From the moment the Affordable Care Act was first passed, conservative critics of the law have cried foul, deriding the President as the law as “socialist” – claiming that the ACA is the next step toward socialized medicine.
Well, there’s probably a few socialists out there that are offended by that statement. In fact, Greg Pason, the national secretary for the Socialist Party says that “Obamacare cannot be considered socialist in any way.” I would think that Greg Pason might know the definition of socialist, but if you don’t believe him, try this on for size.
Socialized systems don’t rely on health insurance – at least now how it’s provided in the United States. Socialized medicine (think the United Kingdom or Canada) is: 1) publicly-funded, 2) national health care system, and 3) supported through progressive taxation.
Sound familiar? No? That’s right – because it’s not how we do things in America. Under the ACA, health care is largely being delivered by private practitioners and hospital systems – not a national health care system. Insurance is being provided by private insurers – something the ACA encourages by creating health insurance exchanges to promote insurance run by capitalist insurance companies. The ACA is actually creating a health insurance marketplace, increasing competition among insurance providers and decreasing monopolies – the complete antithesis to socialism.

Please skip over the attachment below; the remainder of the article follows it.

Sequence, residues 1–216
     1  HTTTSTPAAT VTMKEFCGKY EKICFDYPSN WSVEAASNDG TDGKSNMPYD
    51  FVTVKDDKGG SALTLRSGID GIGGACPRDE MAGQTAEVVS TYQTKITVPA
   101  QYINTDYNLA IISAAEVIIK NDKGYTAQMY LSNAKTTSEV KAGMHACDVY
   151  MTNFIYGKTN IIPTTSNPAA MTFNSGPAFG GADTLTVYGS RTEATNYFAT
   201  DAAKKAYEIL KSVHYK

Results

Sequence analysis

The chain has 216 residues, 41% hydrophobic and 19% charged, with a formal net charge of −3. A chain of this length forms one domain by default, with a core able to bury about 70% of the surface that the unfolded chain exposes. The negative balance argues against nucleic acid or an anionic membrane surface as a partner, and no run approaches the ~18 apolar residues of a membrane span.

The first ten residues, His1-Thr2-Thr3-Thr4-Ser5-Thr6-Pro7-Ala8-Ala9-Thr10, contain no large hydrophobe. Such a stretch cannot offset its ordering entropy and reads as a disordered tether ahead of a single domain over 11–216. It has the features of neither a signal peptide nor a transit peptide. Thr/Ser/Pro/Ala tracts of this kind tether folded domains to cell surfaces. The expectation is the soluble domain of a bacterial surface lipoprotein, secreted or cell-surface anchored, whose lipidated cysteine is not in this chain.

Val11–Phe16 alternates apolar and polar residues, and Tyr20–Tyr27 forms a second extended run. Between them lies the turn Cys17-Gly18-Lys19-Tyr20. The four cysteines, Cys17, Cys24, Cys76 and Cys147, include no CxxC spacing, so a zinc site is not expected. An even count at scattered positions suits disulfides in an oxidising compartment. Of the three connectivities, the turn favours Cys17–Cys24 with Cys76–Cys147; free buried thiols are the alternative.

Requiring everyone to carry insurance doesn’t equal socialism. In fact, one could argue that the system in place prior to the passage of the ACA was tantamount to socialism. Socialism, by definition, involves the redistribution of wealth from the haves to the have nots. Let me explain. In a nation where nearly 50 million people are currently uninsured, if one of those uninsured has an accident, the rest of us end up paying for it – namely through inflated medical costs and higher insurance premiums. With the inclusion of the individual mandate, the ACA is basically requiring those receiving “welfare benefits” – those who’s uninsured care is being paid by the rest of us – to pay their respective dues. (Personally, I don’t really view being uninsured as that great of a “welfare benefit” since medical care often bankrupts these individuals – but I digress.)
Additionally, when the details of the law were being ironed out, the Obama administration initially floated the idea of having a federally offered insurance plan that anyone in the United States could purchase. That “public option” was quickly dropped from the law as there was concern it would be perceived as “socialist” and step toward single-payer health care.
It’s far too soon to know if the Affordable Care Act will work, and much more likely that further revisions will be needed. The only thing for certain is what it isn’t – socialism.